Article 12.
Private sector

Article provisions:
1. Each State Party shall take measures, in accordance with the fundamental principles of its domestic law, to prevent corruption involving the private sector, enhance accounting and auditing standards in the private sector and, where appropriate, provide effective, proportionate and dissuasive civil, administrative or criminal penalties for failure to comply with such measures.
2. Measures to achieve these ends may include, inter alia:
(a) Promoting cooperation between law enforcement agencies and relevant private entities;
(b) Promoting the development of standards and procedures designed to safeguard the integrity of relevant private entities, including codes of conduct for the correct, honourable and proper performance of the activities of business and all relevant professions and the prevention of conflicts of interest, and for the promotion of the use of good commercial practices among businesses and in the contractual relations of businesses with the State;
(c) Promoting transparency among private entities, including, where appropriate, measures regarding the identity of legal and natural persons involved in the establishment and management of corporate entities;
(d) Preventing the misuse of procedures regulating private entities, including procedures regarding subsidies and licences granted by public authorities for commercial activities;
(e) Preventing conflicts of interest by imposing restrictions, as appropriate and for a reasonable period of time, on the professional activities of former public officials or on the employment of public officials by the private sector after their resignation or retirement, where such activities or employment relate directly to the functions held or supervised by those public officials during their tenure;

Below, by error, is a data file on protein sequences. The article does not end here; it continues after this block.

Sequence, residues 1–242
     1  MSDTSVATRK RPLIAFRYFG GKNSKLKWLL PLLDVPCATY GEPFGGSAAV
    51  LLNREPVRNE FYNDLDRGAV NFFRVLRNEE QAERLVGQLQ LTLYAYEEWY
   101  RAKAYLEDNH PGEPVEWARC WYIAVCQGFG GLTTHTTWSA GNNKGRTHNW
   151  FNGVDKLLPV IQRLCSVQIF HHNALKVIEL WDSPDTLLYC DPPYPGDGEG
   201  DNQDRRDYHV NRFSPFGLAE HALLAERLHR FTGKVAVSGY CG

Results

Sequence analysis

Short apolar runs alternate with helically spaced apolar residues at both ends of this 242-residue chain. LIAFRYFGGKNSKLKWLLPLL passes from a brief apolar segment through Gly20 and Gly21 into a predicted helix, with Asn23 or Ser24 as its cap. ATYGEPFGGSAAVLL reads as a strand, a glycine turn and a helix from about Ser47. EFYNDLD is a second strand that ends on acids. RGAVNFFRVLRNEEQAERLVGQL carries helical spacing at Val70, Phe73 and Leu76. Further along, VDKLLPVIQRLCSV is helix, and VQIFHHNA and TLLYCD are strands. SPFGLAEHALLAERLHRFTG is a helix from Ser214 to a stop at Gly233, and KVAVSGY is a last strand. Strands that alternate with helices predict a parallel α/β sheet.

(f) Ensuring that private enterprises, taking into account their structure and size, have sufficient internal auditing controls to assist in preventing and detecting acts of corruption and that the accounts and required financial statements of such private enterprises are subject to appropriate auditing and certification procedures.
3. In order to prevent corruption, each State Party shall take such measures as may be necessary, in accordance with its domestic laws and regulations regarding the maintenance of books and records, financial statement disclosures and accounting and auditing standards, to prohibit the following acts carried out for the purpose of committing any of the offences established in accordance with this Convention:
(a) The establishment of off-the-books accounts;
(b) The making of off-the-books or inadequately identified transactions;
(c) The recording of non-existent expenditure;
(d) The entry of liabilities with incorrect identification of their objects;
(e) The use of false documents; and
(f) The intentional destruction of bookkeeping documents earlier than foreseen by the law.
4. Each State Party shall disallow the tax deductibility of expenses that constitute bribes, the latter being one of the constituent elements of the offences established in accordance with articles 15 and 16 of this Convention and, where appropriate, other expenses incurred in furtherance of corrupt conduct.
State evaluation
Public evaluation
National legislation of Ukraine is consistent with Article 12 of the UNCAC. However, its enforcement is not always at an adequate level. In particular, due to the lack of anti-corruption culture, compliance systems develop slowly and have not yet become an effective and popular mechanism of combating corruption in the activities of legal entities. Their adoption is mainly conditioned by the requirements of national legislation (for participation in public procurement) and foreign regulation (FCPA, UK Bribery Act, etc.). The introduction of the mandatory requirement to disclose information about the ultimate beneficial owners also deserves high marks. Despite the introduction of an open Unified State Register containing information about all legal entities in Ukraine, the information contained therein is not always relevant and reliable. The ineffective mechanism of liability is also a challenge, which does not prevent violations in the private sector.